Why Your Dog Chews and How to Stop It
With adoption rates at their highest levels in years, many people around the country are becoming new dogs owners. With dog ownership comes responsibility and oftentimes some chewing. Nipping at your hands, chewing shoes, gnawing at baseboards, and bitemarks on the furniture are all common issues during your new puppy’s early days. So when do dogs grow out of the chewing phase? The fact is, they don’t; adult dogs love to chew too. And if your dog doesn’t learn what he can and cannot chew on, you can expect many more years of household destruction. So if you have ever wondered why your dog is chewing everything in sight, continue reading to learn why they do it and how to stop it.
Learning to chew at a early age
As a puppy, most dogs begin to chew things to relieve the teething pain. Doing so gave them some relief from that pain. As this behavior continued for months, they began to learn to associate chewing with pleasure. As your dog began to outgrow the teething, the chewing continued as a great activity that brought joy and happiness. This can quickly become a big problem for dogs who were given no real boundaries and allowed to chew everything they found. For those dog parents who prevented their dog from chewing everything and provided boundaries their dogs learned from an early age that all objects are not chewing toys.
You can quickly see the importance of giving your dog good boundaries and approved chew toys when they are teething, teaching them good behaviors while they are young. This helps them grow into the dog that does not take your new running shoes outside the tear them into 100 pieces (if they never learn your sneakers are chew toys they’ll never look at them that way) . If your dog was allowed to chew anything it could reach as a puppy, you may have your work cut out for you later.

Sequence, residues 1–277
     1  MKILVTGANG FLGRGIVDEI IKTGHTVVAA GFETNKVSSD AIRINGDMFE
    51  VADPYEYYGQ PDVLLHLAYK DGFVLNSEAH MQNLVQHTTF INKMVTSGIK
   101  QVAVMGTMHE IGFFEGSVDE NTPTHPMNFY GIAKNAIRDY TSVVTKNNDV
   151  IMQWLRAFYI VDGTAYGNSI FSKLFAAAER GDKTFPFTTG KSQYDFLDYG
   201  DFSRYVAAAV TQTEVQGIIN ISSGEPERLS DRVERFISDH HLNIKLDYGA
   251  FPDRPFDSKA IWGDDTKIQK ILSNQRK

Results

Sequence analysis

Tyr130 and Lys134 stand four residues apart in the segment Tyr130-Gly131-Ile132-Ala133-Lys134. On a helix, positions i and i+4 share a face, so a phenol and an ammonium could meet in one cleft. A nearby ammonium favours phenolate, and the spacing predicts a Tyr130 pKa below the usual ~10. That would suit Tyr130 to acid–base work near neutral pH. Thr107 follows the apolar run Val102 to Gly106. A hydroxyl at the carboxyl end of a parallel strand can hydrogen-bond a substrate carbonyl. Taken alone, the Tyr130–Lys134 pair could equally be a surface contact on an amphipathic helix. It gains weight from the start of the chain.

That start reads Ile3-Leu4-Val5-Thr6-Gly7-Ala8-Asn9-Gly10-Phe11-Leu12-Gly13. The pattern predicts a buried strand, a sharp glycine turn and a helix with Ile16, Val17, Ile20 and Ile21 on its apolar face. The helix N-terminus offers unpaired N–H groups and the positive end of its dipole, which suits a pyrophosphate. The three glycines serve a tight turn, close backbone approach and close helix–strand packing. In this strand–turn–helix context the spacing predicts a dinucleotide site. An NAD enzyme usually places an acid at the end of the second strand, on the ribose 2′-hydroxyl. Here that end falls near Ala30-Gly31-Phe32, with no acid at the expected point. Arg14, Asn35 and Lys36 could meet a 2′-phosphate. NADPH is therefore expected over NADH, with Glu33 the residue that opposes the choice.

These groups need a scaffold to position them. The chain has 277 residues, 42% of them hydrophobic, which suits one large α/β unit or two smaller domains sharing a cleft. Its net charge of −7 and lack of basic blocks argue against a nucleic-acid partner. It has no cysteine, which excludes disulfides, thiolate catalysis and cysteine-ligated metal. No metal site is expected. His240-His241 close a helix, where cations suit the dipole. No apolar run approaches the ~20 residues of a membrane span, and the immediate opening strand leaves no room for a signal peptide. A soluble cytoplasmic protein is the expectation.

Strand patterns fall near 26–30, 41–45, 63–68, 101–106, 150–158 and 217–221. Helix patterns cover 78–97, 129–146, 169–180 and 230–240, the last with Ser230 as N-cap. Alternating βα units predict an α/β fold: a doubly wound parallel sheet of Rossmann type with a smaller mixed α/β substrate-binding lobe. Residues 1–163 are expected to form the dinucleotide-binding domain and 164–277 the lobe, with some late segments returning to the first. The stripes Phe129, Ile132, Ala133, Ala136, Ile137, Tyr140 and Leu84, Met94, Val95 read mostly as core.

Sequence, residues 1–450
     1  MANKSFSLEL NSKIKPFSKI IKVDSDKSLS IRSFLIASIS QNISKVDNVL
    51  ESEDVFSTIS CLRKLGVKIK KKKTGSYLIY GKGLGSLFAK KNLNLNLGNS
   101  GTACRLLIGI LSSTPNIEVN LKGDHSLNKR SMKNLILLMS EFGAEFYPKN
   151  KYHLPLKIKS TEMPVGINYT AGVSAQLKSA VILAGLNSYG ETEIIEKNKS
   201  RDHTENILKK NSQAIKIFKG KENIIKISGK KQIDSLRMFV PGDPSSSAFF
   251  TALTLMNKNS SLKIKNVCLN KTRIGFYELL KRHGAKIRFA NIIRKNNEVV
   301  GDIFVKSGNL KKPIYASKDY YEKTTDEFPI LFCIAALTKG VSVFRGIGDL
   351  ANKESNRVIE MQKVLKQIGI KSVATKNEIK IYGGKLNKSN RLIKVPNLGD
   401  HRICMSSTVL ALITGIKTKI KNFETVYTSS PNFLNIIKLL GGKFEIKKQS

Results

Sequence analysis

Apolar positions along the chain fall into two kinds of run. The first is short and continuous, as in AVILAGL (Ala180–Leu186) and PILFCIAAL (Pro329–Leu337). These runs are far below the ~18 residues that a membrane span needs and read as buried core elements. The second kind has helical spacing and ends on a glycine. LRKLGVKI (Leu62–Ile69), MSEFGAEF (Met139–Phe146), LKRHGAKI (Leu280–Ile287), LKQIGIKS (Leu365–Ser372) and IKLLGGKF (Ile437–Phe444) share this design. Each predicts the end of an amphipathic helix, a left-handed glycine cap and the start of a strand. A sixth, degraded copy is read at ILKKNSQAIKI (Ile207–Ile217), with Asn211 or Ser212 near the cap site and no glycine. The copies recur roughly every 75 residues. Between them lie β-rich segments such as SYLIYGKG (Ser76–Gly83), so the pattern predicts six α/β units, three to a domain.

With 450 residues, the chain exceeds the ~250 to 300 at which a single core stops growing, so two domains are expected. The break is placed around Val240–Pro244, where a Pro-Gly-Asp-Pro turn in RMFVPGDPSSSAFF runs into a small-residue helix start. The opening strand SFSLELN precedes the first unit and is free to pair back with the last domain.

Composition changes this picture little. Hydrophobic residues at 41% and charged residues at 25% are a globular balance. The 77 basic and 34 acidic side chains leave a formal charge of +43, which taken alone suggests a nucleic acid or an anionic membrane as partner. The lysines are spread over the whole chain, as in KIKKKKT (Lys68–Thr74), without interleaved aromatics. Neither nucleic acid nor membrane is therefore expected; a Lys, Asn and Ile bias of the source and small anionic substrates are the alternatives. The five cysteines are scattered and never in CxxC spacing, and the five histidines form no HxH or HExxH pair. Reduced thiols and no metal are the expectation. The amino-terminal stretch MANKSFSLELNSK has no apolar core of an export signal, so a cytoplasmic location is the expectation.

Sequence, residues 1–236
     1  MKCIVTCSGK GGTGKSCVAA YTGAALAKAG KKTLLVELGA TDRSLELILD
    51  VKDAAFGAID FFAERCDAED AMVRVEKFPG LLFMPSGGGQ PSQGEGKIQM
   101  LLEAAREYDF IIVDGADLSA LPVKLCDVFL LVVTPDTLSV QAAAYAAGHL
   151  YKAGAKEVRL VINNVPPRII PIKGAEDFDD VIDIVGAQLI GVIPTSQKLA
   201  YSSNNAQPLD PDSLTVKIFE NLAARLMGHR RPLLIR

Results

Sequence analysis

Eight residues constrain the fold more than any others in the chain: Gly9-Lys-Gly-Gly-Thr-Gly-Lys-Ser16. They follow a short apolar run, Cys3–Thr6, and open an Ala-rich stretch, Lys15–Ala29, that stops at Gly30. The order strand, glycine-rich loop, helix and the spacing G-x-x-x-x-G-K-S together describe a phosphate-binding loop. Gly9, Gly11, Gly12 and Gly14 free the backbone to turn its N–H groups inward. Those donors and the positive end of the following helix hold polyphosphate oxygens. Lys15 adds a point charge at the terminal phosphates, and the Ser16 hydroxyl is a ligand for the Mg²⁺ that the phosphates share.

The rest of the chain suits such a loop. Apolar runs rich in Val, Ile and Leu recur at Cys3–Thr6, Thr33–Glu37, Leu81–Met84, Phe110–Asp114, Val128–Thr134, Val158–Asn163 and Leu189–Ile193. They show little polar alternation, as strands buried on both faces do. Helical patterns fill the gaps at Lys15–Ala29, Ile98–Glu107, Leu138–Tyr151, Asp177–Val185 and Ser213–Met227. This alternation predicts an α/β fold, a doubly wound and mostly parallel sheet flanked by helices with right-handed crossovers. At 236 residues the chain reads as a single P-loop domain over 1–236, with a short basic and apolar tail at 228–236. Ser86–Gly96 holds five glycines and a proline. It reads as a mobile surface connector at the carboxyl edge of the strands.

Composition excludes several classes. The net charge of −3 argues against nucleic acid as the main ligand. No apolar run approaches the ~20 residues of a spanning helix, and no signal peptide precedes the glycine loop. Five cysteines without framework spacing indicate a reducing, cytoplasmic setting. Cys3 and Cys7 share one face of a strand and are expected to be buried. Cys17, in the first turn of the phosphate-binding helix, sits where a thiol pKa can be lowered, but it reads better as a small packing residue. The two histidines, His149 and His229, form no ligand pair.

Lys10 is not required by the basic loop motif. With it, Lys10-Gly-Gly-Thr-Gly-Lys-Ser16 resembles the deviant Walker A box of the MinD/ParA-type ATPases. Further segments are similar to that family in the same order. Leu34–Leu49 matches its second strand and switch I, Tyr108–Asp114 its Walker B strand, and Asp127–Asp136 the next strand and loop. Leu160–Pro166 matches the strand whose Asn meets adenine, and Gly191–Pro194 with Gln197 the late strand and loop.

Chewing is Natural for Dogs
Chewing is a natural dog behavior. Your dog’s sharp teeth are there for a reason, their canine ancestors needed to tear apart a prey animal just to survive, it’s ingrained deep. Chewing is also proven to help dogs clean their teeth as well as exercise their jaws. Chewing is also a way dogs use to pass the time and amuse themselves (this is why we often see chewing issues when an owner leaves and the dog is left at home alone. It’s unrealistic to expect your dog to never express this instinctive behavior.
So why do dogs chew the things they do; why do they choose and old pair of shoes, or that remote control or a couch cushion. Remember dogs are not ruled by taste, but by smell. That pair of shoes is rich with smells, so is the couch, taste is not even a consideration. Not all objects are smell driven though. We often see wooden objects chewed, like table legs, base molding etc or plastic items. These may have been chosen due to their soft nature and how it feels on their teeth. They may be after that satisfying chomp or crunch.
Start with Toys
Step one in dealing with bad chewing is to provide appropriate alternatives. This may not be as simple as throwing a bunch of chew toys on the ground and hoping for the best. Upon first sight, the chew toy is an unknown object, something he may have never seen before, however, that shoe is a proven delight. You need to encourage your dog to select the toys by making them as appealing as possible. To help prevent boredom, you can also try rotating the toys so there are new options every few days.